Lucky for me I actually got to know Arthur as the genuine, wonderful human being he is first. I much prefer to see him through the lens of his humanity – it’s a more accurate way to perceive anyone, and personally I prefer working with a real, live human being to working with a fantasy person built from assorted shards of reputation, fandom, and media coverage. It’s true that I have no basis for comparison – I’ve only published one book, and while I’ve worked with other editors on short pieces, novels are a whole different can of hungry caterpillars. But it’s hard to imagine working with an editor who I trust more than I trust Arthur.
In Uncategorized on February 25, 2014 at 8:56 am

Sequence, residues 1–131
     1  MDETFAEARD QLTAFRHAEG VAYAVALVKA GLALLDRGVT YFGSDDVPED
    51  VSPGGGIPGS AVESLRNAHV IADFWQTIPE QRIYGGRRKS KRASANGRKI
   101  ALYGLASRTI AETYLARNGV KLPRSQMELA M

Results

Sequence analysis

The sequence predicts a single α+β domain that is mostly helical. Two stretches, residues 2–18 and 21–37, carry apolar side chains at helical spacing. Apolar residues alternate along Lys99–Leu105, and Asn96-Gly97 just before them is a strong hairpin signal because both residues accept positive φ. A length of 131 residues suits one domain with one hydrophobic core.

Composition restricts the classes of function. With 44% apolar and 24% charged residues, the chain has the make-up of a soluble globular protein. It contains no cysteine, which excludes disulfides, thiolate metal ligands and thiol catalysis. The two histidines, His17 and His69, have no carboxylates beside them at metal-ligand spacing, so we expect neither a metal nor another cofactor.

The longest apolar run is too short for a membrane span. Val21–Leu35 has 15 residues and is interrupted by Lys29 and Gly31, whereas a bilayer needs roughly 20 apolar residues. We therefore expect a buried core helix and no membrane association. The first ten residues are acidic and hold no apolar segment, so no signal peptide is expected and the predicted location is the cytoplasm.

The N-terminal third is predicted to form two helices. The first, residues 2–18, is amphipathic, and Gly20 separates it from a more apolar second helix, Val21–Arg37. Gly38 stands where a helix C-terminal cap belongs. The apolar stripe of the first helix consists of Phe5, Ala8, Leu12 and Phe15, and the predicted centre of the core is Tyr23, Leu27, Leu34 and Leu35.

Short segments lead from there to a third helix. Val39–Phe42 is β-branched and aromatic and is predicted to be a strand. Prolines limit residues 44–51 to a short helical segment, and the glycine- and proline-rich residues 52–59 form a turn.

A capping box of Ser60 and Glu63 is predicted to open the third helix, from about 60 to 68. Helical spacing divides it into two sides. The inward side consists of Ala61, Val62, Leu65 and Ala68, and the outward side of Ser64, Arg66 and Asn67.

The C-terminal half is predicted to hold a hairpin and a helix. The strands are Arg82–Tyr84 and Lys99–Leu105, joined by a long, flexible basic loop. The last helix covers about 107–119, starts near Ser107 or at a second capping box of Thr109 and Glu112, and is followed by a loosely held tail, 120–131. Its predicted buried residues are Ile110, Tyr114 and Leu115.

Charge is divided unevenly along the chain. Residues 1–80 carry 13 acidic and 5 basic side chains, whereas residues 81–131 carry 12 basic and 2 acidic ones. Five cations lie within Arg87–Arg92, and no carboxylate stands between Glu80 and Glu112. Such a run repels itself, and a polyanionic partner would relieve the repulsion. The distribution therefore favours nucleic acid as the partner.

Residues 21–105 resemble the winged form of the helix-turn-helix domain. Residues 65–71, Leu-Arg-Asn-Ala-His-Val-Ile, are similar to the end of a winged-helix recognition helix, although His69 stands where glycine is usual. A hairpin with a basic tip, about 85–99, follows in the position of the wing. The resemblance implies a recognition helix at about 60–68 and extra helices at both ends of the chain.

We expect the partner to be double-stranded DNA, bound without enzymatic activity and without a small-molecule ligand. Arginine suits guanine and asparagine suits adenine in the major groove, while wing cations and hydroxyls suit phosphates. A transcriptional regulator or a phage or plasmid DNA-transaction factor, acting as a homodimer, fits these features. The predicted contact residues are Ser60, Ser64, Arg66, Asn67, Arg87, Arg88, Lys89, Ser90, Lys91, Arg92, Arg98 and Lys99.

After lunch on Sunday Miranda and the 3.33 year old both took a nap, at which point the 7.59 year old plucked at my sleeve, pointed at the couch, and said “Da-da, cuddle!” So we grabbed our books (THE HERO AND THE CROWN for me, ANIMORPHS for her) and settled ourselves in the couch (me with my feet on the ottoman, her with her feet on the far armrest and her head on my stomach) for a solid hour and a half of naptime reading.
She made one or two comments about the comfortable squishiness of my belly; I said something about the increasing lankiness of her legs; and I secretly paused to listen every time she giggled or drew in a sharp breath over something she’d just read. I also paused regularly to stroke her hair and kiss her on the top of the head, and every so often she’d reach for my arm and clasp it a little more firmly across her midriff.
It was a very quiet 90 minute stretch. Quiet, contemplative, and utterly glorious. Spontaneously bursting into flames of happiness wouldn’t have surprised me at all.